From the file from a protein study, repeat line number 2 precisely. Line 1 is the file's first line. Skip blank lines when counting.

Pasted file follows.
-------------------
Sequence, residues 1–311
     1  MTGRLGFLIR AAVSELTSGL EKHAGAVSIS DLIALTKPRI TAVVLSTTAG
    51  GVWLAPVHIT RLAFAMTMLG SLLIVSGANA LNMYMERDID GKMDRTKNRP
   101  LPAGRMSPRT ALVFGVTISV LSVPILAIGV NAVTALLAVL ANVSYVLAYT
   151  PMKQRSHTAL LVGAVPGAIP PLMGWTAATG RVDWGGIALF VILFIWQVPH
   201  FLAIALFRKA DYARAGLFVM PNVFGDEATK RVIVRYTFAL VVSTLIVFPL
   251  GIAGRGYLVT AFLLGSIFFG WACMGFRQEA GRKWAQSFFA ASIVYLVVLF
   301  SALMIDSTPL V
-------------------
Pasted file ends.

     1  MTGRLGFLIR AAVSELTSGL EKHAGAVSIS DLIALTKPRI TAVVLSTTAG